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Bethann Hardison On The Evolution Of The Black Model At NYFW

Fashion icon Bethann Hardison recalled a major barrier to success for African-American model in the 70s – and it all came down to hair.

“That was the fashion model’s problem,” Hardison said Friday during a panel discussion at the “Styled, Gifted & Glammed” Style and Gifting Suite, hosted by ORS Olive Oil during New York Fashion Week.

“The black fashion model had to protect her own hair,” Hardison continued. “She didn’t want to be white – she wanted to find a way to keep working. So she put extensions in her hair, so that way, the technician could get through the hair. So he’d know what to do, and she’d keep the job. Because if the model was difficult, it wasn’t she that was going to stay, it was the technician.”

But Hardison said the use of extensions and wigs quickly spread to mainstream culture.

“The texture of the black hair – no matter the texture actually – it can’t take the heat, it can’t take the abuse that no hair can. But that was the issue. Then it became part of a trend, it became part of fashion.”

Hardison was joined on the panel with Harriette Cole, founder of Dreamleapers, Shawn Tollerson, CEO of Namaste Laboratories (the makers of ORS Olive Oil), Claire Sulmers, the founder of Fashion Bomb Daily, and Allison McGevna, vice-president of Women’s Lifestyle at iOne Digital. Following the panel, neo-soul singers Kindred The Family Soul performed, and attendees left with swag bags filled with ORS’ reformulated hair care line.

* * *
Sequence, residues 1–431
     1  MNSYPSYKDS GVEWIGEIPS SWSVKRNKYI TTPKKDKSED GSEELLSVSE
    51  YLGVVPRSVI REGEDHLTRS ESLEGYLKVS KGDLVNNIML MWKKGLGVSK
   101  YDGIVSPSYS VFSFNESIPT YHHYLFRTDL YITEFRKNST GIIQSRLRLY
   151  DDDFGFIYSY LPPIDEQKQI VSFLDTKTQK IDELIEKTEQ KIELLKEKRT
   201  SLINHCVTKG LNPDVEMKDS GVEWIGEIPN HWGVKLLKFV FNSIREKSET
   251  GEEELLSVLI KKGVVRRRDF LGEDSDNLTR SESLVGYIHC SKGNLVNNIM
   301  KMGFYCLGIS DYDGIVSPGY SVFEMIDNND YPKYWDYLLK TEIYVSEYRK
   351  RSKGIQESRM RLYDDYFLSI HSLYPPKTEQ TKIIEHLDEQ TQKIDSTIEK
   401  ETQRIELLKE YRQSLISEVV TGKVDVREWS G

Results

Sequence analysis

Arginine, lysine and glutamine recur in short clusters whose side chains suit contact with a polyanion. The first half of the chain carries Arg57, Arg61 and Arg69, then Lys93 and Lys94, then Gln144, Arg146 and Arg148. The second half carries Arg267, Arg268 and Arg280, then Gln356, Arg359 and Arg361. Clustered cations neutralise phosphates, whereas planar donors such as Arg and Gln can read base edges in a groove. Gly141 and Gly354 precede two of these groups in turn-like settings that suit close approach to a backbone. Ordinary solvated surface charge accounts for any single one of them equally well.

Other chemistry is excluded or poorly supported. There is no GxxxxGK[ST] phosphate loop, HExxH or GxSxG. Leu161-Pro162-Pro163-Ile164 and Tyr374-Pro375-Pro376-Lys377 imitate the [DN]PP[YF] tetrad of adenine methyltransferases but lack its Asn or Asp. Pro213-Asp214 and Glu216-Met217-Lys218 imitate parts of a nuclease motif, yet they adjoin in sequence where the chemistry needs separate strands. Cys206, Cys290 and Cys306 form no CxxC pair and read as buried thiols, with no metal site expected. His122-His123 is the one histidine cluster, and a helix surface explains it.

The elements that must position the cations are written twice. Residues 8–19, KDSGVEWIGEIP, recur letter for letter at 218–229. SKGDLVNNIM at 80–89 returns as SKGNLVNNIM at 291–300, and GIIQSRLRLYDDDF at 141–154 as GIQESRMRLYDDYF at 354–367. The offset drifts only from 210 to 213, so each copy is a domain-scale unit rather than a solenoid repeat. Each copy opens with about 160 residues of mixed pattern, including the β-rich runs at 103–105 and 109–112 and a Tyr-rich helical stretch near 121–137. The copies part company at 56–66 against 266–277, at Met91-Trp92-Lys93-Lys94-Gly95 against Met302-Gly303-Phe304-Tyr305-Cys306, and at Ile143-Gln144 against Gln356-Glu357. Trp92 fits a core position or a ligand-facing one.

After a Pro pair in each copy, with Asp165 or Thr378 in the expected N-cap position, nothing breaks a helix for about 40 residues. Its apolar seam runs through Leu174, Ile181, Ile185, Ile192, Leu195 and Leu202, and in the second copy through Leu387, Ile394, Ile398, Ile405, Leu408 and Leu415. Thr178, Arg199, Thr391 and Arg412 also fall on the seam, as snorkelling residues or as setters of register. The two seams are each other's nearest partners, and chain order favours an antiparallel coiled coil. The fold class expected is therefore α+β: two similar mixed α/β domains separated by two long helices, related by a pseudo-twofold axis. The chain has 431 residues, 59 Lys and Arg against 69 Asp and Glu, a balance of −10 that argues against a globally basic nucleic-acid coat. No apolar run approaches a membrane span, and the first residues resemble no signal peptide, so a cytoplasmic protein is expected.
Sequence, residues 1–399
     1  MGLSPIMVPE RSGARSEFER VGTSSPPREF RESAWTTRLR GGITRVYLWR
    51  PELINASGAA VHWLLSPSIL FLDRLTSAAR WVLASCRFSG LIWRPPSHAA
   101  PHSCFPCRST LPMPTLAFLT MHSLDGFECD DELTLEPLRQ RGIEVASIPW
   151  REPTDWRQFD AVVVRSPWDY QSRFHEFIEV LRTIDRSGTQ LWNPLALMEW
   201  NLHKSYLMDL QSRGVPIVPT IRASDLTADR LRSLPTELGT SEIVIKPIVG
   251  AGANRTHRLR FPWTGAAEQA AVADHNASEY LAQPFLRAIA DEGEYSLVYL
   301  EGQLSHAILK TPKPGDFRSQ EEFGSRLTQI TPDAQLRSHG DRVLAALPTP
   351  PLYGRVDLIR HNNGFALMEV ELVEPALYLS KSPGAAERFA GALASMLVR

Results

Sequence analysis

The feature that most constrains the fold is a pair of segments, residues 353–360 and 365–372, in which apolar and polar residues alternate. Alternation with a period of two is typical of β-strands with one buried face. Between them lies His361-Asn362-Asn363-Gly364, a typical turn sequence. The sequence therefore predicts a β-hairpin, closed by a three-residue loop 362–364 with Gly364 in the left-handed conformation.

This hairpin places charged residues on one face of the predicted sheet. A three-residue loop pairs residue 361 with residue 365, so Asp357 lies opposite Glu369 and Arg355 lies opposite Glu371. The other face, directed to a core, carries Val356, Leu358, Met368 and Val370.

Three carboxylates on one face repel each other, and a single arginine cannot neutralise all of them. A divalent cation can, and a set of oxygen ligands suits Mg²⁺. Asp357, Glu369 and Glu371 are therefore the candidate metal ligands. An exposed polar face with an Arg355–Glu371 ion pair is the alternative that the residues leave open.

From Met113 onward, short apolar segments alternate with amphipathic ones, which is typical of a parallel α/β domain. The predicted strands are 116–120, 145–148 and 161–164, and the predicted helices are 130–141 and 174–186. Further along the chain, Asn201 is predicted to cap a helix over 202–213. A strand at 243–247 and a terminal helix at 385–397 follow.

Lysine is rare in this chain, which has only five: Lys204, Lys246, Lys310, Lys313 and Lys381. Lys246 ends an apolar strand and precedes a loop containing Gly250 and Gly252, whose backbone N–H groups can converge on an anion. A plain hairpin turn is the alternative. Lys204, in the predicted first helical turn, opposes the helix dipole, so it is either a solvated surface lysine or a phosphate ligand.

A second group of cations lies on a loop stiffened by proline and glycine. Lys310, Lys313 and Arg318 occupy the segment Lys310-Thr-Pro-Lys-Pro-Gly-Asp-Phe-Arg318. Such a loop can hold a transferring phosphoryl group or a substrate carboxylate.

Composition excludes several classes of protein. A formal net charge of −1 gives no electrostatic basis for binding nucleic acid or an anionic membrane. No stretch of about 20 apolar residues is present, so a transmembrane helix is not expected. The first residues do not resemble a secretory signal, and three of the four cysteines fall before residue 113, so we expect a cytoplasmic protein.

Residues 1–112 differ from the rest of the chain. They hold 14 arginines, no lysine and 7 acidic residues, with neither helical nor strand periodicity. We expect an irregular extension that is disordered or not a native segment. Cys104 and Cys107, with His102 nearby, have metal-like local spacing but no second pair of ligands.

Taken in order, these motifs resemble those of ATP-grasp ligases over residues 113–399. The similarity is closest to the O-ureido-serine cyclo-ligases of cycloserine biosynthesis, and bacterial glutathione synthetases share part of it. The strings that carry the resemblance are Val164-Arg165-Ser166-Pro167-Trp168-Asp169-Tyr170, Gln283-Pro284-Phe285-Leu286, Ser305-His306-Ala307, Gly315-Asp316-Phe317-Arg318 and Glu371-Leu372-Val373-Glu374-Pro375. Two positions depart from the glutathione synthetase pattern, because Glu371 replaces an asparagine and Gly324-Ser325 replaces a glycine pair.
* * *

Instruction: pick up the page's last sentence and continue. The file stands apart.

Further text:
Hardison said that the fashion industry is a shell of its former self, and had some parting words for young people who were trying to get in the game.

“The fashion industry is tanking. It’s just no longer what it was. Milennials especially, they’re so excited about being part of the word ‘fashion,’ but its different. Start to understand who you are and what you can do and how you can get in to it.”

Hit the flip for more pics from the event:


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